It appears that CDs and DVDs may have a lifespan of around 50-200 years if you preserve them properly. That is getting pretty reasonable...of course, they haven't been around for 50 to 200 years so they are certainly not battle tested like carving on a good rock. The National Institute of Standards and Technology appears to be looking heavily into the longevity of optical recording media. DLT appears to have a shelf-life of around 30 years if preserved properly.

Let's say, hypothetically, that you solve the problem of the storage media (perhaps a self migrating technology in a box that guarantees infinite lifespan and that, itself, produces the new disks and technology to ensure fresh DVDs are always built). Now you have two additional challenges (at least):


  • Maintaining the integrity of the data (how do I ensure) that the data that is NOW on the DVD is the original data
  • Maintaining the ability for outsiders to inspect and recall the stored information

The first of these seems obvious, but is actually quite difficult. Checksums can be overcome with time (imagine compute power in 700 years!) and we can't guarantee that the keepers of the information will not have a vested interest in changing the contents of the information. We see governments attempting to re-write history all the time, don't we?

Let's take a simpler example of what happens when "a" byte disappears. Recall Neil Armstrong's famous quote: "One small step for man ... ". Well, after a lot of CPU cycles and speculation and conspiracy theories, it turns out that we now believe that Neil Armstrong said: "One small step for a man...". It is a fundamentally different statement (though there is no less historical impact). This data is only 40 years old, but consider the angst in trying to prove whether or not "a" was a part of the quote. What happens when a government deliberately alters, say, the digital equivalent of an "original" 2nd Bill of Rights written in 2030?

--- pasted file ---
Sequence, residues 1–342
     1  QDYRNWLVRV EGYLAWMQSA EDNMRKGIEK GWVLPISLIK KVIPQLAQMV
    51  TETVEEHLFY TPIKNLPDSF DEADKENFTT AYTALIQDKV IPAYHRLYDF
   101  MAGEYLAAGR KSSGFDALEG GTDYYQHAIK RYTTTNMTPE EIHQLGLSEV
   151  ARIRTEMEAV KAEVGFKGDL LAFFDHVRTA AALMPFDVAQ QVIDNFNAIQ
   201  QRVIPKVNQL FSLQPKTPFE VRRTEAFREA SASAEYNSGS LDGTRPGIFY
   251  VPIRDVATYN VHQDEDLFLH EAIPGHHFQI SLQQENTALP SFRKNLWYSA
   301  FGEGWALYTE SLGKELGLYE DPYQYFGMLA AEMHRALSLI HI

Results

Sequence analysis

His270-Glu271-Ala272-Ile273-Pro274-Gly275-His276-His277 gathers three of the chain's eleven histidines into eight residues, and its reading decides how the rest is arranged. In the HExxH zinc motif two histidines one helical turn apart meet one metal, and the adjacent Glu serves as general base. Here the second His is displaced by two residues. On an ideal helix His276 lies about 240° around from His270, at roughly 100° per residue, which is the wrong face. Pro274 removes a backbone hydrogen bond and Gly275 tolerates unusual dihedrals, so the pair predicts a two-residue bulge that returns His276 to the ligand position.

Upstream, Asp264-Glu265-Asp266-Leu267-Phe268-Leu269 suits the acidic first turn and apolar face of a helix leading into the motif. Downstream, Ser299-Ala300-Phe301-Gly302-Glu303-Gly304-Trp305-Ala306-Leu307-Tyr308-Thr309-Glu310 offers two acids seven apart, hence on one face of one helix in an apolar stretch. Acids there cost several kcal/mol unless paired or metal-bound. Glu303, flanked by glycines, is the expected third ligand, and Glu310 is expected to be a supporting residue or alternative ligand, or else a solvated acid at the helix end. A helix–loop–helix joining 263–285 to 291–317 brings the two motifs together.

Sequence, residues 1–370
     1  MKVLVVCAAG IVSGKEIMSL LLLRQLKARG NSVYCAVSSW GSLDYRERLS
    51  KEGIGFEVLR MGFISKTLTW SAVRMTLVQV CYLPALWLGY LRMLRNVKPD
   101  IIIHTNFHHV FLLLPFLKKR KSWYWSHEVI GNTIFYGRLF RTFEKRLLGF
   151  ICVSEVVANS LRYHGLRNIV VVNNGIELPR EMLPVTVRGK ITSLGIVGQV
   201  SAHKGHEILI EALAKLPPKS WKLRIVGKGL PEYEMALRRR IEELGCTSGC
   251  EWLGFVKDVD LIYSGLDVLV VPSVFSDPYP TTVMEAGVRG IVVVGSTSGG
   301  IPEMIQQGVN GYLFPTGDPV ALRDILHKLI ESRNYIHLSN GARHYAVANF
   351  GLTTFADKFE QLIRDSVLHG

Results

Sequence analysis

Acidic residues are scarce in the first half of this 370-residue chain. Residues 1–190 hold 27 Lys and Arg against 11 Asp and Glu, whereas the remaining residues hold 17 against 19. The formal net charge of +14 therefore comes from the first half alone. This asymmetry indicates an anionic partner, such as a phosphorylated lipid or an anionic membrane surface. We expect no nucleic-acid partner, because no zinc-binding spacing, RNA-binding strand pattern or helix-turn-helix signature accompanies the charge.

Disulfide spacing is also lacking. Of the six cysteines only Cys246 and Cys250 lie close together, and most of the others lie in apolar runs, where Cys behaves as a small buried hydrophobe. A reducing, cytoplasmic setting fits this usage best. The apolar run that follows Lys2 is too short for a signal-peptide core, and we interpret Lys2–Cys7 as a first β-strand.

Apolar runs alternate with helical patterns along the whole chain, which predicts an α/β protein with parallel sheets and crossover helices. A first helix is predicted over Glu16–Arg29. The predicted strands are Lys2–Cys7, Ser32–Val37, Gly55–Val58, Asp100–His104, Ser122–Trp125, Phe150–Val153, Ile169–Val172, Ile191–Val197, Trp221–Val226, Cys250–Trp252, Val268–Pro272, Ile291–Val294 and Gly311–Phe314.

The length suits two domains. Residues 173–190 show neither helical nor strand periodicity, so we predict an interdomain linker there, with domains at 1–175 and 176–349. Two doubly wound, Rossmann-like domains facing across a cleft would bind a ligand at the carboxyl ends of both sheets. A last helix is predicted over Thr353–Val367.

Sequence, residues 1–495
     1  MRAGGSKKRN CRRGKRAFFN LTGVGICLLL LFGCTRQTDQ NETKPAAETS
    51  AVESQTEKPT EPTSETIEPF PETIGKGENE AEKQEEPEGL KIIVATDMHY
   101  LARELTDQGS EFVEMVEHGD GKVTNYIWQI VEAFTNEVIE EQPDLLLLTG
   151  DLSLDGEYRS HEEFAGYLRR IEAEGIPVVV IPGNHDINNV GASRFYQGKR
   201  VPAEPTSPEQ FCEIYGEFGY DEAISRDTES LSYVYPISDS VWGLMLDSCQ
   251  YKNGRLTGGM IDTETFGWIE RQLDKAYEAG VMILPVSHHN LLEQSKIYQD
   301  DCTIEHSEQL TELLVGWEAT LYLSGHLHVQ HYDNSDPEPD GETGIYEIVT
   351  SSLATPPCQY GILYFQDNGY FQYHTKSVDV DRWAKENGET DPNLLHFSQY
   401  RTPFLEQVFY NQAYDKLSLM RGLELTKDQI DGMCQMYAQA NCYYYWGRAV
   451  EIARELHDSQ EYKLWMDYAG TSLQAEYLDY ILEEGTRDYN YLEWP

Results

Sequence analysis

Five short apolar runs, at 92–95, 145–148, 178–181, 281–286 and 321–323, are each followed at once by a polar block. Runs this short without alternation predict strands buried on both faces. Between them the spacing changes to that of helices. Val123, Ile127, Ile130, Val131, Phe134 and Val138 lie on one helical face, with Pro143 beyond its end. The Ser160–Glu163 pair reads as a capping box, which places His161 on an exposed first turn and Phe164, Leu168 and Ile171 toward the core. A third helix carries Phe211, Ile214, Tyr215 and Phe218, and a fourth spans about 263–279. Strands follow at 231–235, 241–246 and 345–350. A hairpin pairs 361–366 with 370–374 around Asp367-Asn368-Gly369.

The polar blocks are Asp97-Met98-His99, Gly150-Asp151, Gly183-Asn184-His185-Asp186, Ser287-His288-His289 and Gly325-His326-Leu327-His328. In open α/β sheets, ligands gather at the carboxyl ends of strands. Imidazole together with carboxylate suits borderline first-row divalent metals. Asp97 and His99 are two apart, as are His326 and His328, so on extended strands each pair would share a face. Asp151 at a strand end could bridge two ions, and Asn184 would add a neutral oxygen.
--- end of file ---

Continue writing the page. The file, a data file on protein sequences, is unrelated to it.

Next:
One more thought for the day, since I really do have to work and if you have made it this far, it is my duty to you to free you of my ramblings.

We know for a fact that the English (dare I say...United States dialect) language is evolving. Even after 200 years there are phrases and semantics and constructs in the Declaration of Independence that require quite a bit of research for the common US citizen. Take the following paragraph:

He is at this time transporting large Armies of foreign Mercenaries to compleat the works of death, desolation and tyranny, already begun with circumstances of Cruelty & perfidy scarcely paralleled in the most barbarous ages, and totally unworthy the Head of a civilized nation.

There is the obvious use of the word perfidy, a word that has since all but disappeared from common speech in the United States.

Looking deeper at the paragraph we see evolution in spelling (compleat). There is also a fascinating use of capitalization throughout the Declaration of Independence. The study and usage of capitalization alone could be worth the creation of long research papers.